In Idaho, divorce is a form of adversarial civil litigation. Meaning, whether you and your spouse are in 100% agreement about every aspect of the divorce or whether the two of you cannot agree on anything, the initial process is the same. One party will file a petition for divorce, summons, and a Family Law Case Information Sheet (see link to these forms below). That party will be designated as the “Petitioner” and the other party as the “Respondent.” Example:
There will also be a summons issued that will include language such as:
NOTICE: YOU HAVE BEEN SUED BY THE ABOVE-NAMED PETITIONER: THE COURT MAY ENTER JUDGMENT AGAINST YOU WITHOUT FURTHER NOTICE UNLESS YOU RESPOND WITHIN 21 DAYS. READ THE INFORMATION BELOW.
After receiving the initial filing by the petitioner, the court will typically send out one to three other documents, which will need to be served to the other party.
The petitioner must formally “serve” the respondent all the initial paperwork. (Click here to learn how the respondent must be served.)
The “petitioner v. respondent” title and the language in the summons are simply procedural requirements in order to start the divorce process.
Technically, an “uncontested” divorce is when one party files a petition for divorce and the other party does not file a response to contest the divorce. You may not need to file a response if you and your spouse are in agreement, but in the vast majority of cases, you should file a response.
Filing a response gives you more options and provides you certain protections. If you file a response to the petition, it may be that the case is no longer considered “uncontested,” but you and your spouse can still avoid trial and settle the case yourselves. In my experience 90% of cases settle before going to trial.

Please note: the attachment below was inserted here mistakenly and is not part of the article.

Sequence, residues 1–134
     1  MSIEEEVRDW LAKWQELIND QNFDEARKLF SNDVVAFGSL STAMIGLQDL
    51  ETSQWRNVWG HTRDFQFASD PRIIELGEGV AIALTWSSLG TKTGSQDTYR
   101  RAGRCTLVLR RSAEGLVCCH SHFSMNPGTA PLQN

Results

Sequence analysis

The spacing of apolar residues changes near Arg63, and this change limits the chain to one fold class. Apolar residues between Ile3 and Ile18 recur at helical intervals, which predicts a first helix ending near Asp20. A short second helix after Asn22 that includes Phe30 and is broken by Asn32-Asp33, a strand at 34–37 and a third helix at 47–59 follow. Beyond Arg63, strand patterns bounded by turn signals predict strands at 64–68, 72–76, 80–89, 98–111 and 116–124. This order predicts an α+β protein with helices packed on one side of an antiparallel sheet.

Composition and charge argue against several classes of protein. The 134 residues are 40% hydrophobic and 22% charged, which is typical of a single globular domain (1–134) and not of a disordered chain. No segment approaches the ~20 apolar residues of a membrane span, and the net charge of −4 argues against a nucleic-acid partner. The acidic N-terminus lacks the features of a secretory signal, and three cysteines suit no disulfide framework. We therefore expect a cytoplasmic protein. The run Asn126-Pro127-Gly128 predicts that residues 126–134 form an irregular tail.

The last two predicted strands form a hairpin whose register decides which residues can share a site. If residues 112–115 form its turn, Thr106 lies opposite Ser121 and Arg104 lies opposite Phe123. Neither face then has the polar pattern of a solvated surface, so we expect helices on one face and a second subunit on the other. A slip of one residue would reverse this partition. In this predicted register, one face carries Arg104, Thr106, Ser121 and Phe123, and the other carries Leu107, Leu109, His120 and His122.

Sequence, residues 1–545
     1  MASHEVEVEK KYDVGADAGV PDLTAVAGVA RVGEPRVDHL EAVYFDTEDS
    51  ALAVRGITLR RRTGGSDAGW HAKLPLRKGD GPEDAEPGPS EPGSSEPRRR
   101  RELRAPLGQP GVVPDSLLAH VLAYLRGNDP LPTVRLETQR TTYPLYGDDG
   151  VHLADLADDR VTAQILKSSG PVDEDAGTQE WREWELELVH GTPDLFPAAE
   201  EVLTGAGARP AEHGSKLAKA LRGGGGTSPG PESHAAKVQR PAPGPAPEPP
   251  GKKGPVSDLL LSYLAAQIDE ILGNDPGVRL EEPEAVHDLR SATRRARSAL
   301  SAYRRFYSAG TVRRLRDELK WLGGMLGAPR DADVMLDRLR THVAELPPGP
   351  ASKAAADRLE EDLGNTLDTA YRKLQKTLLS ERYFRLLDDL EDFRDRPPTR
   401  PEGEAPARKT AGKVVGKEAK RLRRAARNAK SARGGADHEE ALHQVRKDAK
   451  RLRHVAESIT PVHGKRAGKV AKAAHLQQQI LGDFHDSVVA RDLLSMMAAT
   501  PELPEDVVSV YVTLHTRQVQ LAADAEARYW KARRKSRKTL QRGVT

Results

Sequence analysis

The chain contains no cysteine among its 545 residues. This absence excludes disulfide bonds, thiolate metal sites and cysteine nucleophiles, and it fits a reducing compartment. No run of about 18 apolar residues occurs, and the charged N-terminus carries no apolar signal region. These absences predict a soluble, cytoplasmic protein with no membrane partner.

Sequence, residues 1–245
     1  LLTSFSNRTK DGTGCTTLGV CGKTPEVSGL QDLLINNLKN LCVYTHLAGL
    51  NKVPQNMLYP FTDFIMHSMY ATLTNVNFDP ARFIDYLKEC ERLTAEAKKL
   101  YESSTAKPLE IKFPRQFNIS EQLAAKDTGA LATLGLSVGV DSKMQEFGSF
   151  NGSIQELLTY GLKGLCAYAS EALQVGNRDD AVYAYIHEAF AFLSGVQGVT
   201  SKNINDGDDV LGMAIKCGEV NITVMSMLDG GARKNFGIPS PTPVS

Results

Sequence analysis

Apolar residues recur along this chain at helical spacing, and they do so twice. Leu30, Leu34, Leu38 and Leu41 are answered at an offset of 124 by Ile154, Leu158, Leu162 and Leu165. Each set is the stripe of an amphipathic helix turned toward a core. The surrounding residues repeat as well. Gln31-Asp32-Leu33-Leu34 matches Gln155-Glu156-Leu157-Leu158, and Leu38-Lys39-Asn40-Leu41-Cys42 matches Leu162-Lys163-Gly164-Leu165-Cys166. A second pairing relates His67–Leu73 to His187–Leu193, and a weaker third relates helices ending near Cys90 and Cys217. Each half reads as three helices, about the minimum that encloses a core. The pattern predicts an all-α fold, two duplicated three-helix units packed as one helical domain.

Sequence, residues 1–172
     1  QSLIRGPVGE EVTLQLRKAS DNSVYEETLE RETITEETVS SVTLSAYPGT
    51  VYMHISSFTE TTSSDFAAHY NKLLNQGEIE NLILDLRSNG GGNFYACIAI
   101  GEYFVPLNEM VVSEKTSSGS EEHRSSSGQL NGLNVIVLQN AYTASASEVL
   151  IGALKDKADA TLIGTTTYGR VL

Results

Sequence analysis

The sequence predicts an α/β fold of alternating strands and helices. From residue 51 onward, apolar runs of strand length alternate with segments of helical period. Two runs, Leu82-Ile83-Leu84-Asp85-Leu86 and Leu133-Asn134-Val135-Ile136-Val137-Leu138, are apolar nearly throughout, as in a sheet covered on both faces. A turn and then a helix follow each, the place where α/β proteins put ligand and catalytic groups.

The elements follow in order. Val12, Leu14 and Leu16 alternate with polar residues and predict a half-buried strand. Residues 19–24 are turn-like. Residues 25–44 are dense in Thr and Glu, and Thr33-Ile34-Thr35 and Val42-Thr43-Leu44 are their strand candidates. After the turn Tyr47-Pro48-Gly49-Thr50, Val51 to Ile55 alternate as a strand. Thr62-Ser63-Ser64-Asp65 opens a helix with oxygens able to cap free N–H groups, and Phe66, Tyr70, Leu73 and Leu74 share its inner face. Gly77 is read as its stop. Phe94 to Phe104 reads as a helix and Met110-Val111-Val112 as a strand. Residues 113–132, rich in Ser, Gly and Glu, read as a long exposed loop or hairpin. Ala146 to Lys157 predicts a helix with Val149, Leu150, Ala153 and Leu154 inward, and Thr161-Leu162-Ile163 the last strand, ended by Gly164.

As the summons states, if a response is not filed within 21 days, the petitioner has the ability to finalize the divorce without further notice to you. The petitioner would likely be awarded whatever they asked for in the petition. For that reason, you should speak with an attorney as soon as possible after you have been served even if you and your spouse are working together.
As an aside, if you and your spouse want to hire one attorney to help with the paperwork, the attorney can only represent one party. In that case, if the other party does not hire their own attorney, the hired attorney can speak with both their client and the spouse together and/or individually, but they can only represent the interests of their client.
Navigating divorce is a confusing process even if you plan on an “uncontested” divorce. Contact our office for a free consultation today.
- Petition for Divorce with children
- Petition for Divorce without children
- Family Law Case Information Sheet
- For other self-help forms go here
The materials at this web site have been prepared for informational purposes only and should not be construed as legal advice or legal opinion on any specific facts or circumstances. These materials do not, and are not, intended to constitute legal advice. Readers should not act upon this information without seeking professional counsel. The information provided at this site is subject to change without notice.